The physician injected novocaine directly into the enlarged mass prior to inserting a needle twice to extract fluid from the area.  He remarked that not a lot of fluid was easily obtained, which helped rule out to some extent the possibility of a cyst.  Once again, all arrows pointed to cancer.  The novocaine injection was the most painful aspect of the procedure, with the minor exception of some discomfort towards the end of the second needle stick.  The physician laid out a series of glass slides on the counter an applied the contents from the syringe onto them all.  That was it; now to wait for the pathology report.  Much to my chagrin, the doctor indicated that it could be up to a week to receive the report.  More waiting!  I wasn’t sleeping at night, so I was prescribed Ativan (lorazepam) to take before bed.

CT Scan

PET/CT scanI’m not usually claustrophobic, but even the open nature of the CT scan made me a bit uneasy.  The CT involved iodinated contrast, which is a form of intravenous radiocontrast (radiographic dye) containing iodine to enhance the visibility of vascular structures and organs during radiographic procedures.

Immediately following my CT scan, I received a CD with the results.  In view of my background with radiopharmaceutical companies – I loaded the CD in my computer to try and peak at the results.  Unfortunately, the CD was only for Windows computers and I only had access to a Mac. Nonetheless, I had a general idea of what wouldn’t be a good sign – such as a dark center in the enlarged lymph node, which could indicate necrosis.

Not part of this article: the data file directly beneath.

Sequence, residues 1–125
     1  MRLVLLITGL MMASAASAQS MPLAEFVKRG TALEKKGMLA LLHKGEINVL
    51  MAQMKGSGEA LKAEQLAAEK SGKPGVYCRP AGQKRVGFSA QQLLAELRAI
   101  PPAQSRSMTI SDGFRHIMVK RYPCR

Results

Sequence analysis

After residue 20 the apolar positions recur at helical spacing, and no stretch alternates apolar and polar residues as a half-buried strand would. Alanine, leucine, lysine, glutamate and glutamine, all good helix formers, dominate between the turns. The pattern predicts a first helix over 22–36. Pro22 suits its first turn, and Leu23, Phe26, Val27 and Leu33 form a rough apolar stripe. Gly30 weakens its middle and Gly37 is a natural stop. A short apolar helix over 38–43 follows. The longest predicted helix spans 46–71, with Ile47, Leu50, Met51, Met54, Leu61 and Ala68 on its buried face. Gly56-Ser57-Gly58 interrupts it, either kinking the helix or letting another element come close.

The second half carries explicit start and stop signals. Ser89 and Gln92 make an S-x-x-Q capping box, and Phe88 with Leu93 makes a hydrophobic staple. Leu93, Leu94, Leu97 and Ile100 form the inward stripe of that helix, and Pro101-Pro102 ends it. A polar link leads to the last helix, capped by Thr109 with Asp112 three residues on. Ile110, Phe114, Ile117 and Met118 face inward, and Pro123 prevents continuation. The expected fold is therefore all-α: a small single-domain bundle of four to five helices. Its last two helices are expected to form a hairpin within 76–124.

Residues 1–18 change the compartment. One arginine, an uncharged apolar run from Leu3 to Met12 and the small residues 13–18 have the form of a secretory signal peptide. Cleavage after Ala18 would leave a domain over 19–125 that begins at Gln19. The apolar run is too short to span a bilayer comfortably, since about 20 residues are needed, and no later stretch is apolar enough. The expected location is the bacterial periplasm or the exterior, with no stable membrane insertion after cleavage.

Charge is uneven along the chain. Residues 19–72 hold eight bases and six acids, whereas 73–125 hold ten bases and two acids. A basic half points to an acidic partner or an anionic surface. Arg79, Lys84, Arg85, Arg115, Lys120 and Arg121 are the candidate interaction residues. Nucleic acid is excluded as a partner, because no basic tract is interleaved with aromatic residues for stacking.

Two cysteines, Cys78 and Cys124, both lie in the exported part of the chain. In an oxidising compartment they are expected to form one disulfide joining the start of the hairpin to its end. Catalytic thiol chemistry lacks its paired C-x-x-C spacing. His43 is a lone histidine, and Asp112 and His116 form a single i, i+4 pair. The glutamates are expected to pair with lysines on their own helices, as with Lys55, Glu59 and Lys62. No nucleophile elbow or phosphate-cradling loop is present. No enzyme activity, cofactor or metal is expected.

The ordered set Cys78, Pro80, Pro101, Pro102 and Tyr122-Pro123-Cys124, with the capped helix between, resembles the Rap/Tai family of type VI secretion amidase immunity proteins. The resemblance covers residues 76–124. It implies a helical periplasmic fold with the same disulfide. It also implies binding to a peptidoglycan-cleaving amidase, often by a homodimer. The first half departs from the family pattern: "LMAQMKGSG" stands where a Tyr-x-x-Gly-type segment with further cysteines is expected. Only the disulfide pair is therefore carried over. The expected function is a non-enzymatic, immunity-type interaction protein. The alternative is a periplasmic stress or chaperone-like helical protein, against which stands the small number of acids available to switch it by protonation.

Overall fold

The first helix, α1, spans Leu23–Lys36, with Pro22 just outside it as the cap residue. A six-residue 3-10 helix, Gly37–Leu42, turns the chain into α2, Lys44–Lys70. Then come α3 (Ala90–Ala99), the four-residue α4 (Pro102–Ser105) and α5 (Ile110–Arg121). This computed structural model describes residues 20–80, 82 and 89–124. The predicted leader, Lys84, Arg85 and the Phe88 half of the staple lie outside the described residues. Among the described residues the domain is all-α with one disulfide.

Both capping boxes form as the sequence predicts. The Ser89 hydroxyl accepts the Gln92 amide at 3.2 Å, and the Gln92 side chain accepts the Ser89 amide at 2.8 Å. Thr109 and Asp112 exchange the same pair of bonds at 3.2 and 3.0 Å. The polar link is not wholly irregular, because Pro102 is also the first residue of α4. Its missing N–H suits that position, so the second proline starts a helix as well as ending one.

Initial Visit with ENT

endoscopeThe antibiotics did nothing to alter the size of the lateral neck mass, which prompted a visit to an ENT.  At this point, I was 100% convinced that I had cancer based on everything that I read.  The only question was what “type” of cancer and its stage.  After spraying my nasal cavity with a numbing agent, the physician looked at my throat using an endoscope (e.g., examining my throat using a tiny, flexible camera inserted through the nasal cavity) that didn’t seem to indicate anything out of the ordinary.  The next logical step was a CT scan to obtain additional information, which I promptly scheduled.